Programming assignment #2, Due: January 25
Classes and object-oriented programming
If I changed the image data structure used in ImageLib.h and ImageLib.lib, all of the code that uses these files would need to be changed. Your goal for this program is to create a C++ class for images that hides the details of the image data structure. If the data structure is changed, only the details of your image class should need to be changed (and not the interface), so that other code that uses the image class can be used unchanged. This will also upgrade images to first-class objects with a constructor, destructor, operator=, etc. Make sure that you use the concepts of data abstraction, information hiding, modularity, and fail-safe programming whenever possible.
You are to create a new class representing images. Remember that your project should be created as an “Empty project,” so that you don’t get precompiled header code among other things. In order to create this class you should continue to use the files for working with images from the previous programming assignment:
If you want a new test image, you can use this one:
The assignment has two parts. First, you will play the role of class designer and create a new class for images. Second, you will play the role of developer using the class you wrote. For the second part, you should use your class, but not make any assumptions about the implementation of the class (and don’t write new member operations to solve that part).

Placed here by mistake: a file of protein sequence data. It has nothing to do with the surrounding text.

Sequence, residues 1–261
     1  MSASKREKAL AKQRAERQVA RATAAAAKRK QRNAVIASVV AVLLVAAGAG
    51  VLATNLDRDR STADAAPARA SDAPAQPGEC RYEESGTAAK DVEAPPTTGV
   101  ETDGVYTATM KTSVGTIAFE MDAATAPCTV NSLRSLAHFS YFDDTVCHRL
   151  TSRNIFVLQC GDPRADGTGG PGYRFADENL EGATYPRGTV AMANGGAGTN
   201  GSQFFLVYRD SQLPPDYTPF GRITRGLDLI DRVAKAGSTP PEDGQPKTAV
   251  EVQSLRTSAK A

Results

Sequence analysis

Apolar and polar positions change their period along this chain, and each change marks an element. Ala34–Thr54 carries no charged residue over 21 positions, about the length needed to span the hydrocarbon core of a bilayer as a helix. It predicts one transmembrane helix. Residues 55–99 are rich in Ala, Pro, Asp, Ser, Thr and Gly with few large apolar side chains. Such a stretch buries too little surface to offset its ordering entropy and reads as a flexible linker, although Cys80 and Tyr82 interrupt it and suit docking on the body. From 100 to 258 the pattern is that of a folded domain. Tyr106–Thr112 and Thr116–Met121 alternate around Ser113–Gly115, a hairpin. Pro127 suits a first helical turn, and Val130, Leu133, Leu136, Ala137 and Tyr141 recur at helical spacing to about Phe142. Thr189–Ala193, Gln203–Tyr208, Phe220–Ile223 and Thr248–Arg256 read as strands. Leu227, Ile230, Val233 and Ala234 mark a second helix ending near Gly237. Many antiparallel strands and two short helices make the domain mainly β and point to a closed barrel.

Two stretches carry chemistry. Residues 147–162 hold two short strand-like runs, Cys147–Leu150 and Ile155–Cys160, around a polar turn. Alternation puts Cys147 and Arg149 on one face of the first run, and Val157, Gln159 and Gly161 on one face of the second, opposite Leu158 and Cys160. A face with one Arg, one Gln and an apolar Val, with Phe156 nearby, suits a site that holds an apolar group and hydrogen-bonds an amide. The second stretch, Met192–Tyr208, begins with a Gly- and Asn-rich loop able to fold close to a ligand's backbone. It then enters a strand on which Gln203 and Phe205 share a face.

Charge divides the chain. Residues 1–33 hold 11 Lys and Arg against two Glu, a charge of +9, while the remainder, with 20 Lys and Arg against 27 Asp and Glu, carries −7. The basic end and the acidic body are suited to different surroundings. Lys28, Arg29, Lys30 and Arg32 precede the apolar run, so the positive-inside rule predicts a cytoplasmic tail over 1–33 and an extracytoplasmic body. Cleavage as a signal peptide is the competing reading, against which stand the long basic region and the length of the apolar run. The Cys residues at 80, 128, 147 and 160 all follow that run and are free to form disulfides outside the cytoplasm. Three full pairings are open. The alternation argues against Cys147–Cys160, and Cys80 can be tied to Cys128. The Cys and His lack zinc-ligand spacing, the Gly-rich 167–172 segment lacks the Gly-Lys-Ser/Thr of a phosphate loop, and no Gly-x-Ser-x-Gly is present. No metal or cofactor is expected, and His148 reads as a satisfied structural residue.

Your image class should include (at least) the following capabilities. Use my image library as much as possible to make these simple. For example, store an image variable in your private data. Use ReadGIF to implement the first constructor, etc.
Now, using your image class (and without writing any more methods), write a driver (main method) that performs the following operations. These are similar to Program 1, except that you should use the interface provided by your class and not use ImageLib directly.
1. Read the image “test.gif”.
2. Output the number of rows and columns using operator<<.
3. Create a rotated image using your member function (use this image as the input to step 4).
4. For every pixel, subtract green mod 15 from the blue component and add col mod 13 to the red component. Continue to check for (and correct) overflow and underflow.
5. Write the image as “output.gif” and read that file back into a new variable.
6. Compare the image that you wrote to the image read in the previous step using your == operator for images.
7. If the images are different, count the number of different pixels.
8. Output the number of differences.
Note that this will not use all of the methods that you wrote, but I will still look at ones that are not used for errors. For steps 4 and 7, do not write new methods. Use the accessors and mutators specified in above.
You generally won’t want to pass an image parameter by value, since this results in copying the entire image. Passing by reference (using const when possible) is better.
For additional fun (optional)
Implement additional methods that operate on images. Some that you might try:
This program is worth 25% of the programming score for the course. See the grading rubric for a breakdown on how each program is scored.